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SEPTA bringing back 'Hub of Hope' for homeless

SEPTA, Philly partner up to reopen Center City 'Hub of Hope' homeless service center.
Commuters scurry past a homeless man in Suburban Station. (Charles Mostoller)

In winter of 2015, advocates for the homeless from Project HOME had to fight to keep open the "Hub of Hope," a one-stop services center in Suburban Station located inside a tiny storefront space and owned by a private landlord.

But now a newer, permanent Hub of Hope is in the pipeline, set to open in January 2018. And this Hub will look a little different.

"We’re going into something that is almost 75 times bigger, an 11,000 square-foot facility," said SEPTA assistant general manager Fran Kelley. "We want people to be treated with dignity and respect."

You'd think SEPTA might be busy enough running the region's transit. But the subterranean concourse of SEPTA Suburban Station in Center City is a destination for homeless citizens escaping the winter cold. So, they decided to do something about it.

"Last winter, it was plainly obvious that we had a significant increase in the homeless population at Suburban Station," Kelley acknowledged. "We heard it from our customers, we heard it from everybody. ... So [SEPTA general manager] Jeff Knueppel and the city got to work to do something."

City government, Council President Darrell Clarke, Project HOME and SEPTA all joined forces to make the new hub a reality, Kelley said.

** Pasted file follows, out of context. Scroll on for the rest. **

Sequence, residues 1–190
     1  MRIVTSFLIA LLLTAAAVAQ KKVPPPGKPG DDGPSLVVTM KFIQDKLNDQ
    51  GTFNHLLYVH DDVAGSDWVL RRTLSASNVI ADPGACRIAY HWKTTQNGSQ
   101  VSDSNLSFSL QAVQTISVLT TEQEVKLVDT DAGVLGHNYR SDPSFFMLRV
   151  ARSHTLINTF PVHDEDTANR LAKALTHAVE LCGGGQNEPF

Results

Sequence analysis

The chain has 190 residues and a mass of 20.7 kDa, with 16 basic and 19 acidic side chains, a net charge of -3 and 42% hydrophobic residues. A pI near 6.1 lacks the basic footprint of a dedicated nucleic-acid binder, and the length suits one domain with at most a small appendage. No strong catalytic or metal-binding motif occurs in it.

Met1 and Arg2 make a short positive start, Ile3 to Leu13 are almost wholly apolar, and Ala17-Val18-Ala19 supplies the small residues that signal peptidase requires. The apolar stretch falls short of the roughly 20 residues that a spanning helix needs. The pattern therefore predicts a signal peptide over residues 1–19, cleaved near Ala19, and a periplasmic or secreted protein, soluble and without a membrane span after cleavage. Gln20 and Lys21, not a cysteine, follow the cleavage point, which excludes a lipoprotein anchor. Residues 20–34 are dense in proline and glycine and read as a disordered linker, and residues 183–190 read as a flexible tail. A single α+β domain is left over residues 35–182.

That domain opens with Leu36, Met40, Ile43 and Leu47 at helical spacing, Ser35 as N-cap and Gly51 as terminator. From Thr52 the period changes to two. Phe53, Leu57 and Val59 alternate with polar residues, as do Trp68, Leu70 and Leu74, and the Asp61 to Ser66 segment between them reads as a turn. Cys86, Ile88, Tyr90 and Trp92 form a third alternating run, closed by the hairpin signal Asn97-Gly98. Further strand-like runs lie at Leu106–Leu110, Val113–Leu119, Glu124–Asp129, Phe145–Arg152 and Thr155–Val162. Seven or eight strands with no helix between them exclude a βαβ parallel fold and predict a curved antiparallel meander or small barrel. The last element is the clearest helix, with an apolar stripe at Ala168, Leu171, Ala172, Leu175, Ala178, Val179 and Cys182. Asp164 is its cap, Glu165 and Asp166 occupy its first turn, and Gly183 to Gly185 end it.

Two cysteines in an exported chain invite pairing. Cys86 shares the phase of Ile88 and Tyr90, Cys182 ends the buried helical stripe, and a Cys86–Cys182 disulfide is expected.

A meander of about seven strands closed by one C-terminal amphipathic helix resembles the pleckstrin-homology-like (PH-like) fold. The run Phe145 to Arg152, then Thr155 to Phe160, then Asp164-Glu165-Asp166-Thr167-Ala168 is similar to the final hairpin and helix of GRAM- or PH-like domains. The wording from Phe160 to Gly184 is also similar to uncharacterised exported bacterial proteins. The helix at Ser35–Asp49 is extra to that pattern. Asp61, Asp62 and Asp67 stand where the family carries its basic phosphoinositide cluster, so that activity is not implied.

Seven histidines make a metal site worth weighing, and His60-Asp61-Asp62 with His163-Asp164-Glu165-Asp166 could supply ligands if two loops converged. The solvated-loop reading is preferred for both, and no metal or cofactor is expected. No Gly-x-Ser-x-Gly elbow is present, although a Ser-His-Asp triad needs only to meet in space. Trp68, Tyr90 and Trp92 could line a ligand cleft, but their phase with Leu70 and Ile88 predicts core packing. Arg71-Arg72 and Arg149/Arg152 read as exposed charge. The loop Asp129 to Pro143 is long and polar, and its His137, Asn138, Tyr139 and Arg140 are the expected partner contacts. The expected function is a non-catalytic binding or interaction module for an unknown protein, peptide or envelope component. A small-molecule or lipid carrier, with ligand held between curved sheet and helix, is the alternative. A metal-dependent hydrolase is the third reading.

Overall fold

Liz Hersh, director of the city's office of homeless services, noted that the Hub "is a stepping stone. It's not the cure." But Hersh praised SEPTA for their efforts to restore this resource to full use.

"SEPTA has taken the lead on this," she said. "They have really put their money where their mouth is, done something constructive, and taken such a leadership role. They are, I believe, the first transit system in the country to do something like this. It's really extraordinary."

The Hub of Hope doesn't offer housing. But it will offer other services, like showers, laundry, and referrals to other social agencies. The original Hub also had information about housing placement and coffee—but it was only open a few hours a day, a few days a week, during the winter. The Hub new will be open five days a week and is aimed at providing social services that can help transition people out of homelessness.

"People who have really hit rock bottom, they're living on the street, they're carrying everything they own with them," Kelley said. "In consultation with Project HOME experts, we asked what needed to be done. They said we need an engagement center, where people can come to hopefully build trust, bring some order to their lives, and then hopefully create a pathway into real housing."

SEPTA and the city are splitting the new project's $1.4 million price tag. The new Hub will be operated by Project HOME and fundraisers are in the works to help tease out more funding from corporate donors.

But Kelley said the Hub is the type of project that inspires more than your usual philanthropists to open their wallet and help out.

"We're getting a lot of personal donations people stepping up and saying, 'I want to do something myself,'" Kelley said. "People know you can't just hand out money to people, that doesn't usualy work, but now they see a vehicle where people say, 'Yeah, I'd like to help with that, see if it helps,' and we're praying it does."